It took a few years, but Evans concluded that he made the right choice. Working with the public had become his favorite part of the job. That was important, considering “public” is in his title.
“My title is public services librarian, and I take that very seriously,” he said.
So serious that he often wears a look of intense concentration when working. Some might call it a scowl. But don’t let that fool you into thinking he’s not enjoying his job.
Spend just a few minutes with him at the information desk, the hot spot when it comes to dealing with the public, and it’s easy to see that he’s in his element when he’s helping someone navigate the library. Evans actually looks for ways to be helpful, showing patrons how to use the computer, copier, or find books or other resources on any subject.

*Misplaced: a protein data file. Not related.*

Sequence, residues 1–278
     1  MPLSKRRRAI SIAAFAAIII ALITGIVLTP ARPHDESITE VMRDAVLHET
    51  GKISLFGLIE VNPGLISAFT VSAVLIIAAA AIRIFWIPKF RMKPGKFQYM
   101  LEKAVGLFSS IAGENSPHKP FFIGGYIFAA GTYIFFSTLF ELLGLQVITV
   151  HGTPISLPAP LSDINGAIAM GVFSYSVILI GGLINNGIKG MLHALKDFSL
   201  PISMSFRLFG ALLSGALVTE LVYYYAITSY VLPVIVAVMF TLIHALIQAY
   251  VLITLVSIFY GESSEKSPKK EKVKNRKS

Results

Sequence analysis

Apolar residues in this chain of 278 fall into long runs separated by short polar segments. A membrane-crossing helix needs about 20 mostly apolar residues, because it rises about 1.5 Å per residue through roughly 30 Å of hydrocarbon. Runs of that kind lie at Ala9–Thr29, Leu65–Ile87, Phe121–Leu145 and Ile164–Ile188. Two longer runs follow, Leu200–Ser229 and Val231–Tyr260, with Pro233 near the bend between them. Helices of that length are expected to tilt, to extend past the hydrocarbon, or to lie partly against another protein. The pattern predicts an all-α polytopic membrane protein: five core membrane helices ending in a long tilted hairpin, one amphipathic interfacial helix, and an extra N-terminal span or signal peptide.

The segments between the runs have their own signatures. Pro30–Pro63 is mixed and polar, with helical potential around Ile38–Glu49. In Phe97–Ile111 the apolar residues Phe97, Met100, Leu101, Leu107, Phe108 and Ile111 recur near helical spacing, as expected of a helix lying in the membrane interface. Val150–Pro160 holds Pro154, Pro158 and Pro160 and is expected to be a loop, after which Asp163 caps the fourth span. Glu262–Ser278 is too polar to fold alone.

“When I see him, I just notice how serious he is about his job, “ said Sue Johnson, a lifelong Griffin resident and longtime library patron. “When you ask him a question, you know you are gong to get an answer. He definitely knows the library.”
And Evans’ knowledge of the library certainly didn’t hurt when he found himself on Match.com about 10 years ago, talking to Lisa, a librarian from Macon.
“I didn’t know she was a librarian when we first started talking, I just loved her picture and her smile,” Evans said. “She was working at Mercer in their medical library. We talked about for six-to-seven months before we met, and I was just head over heels when I met her.”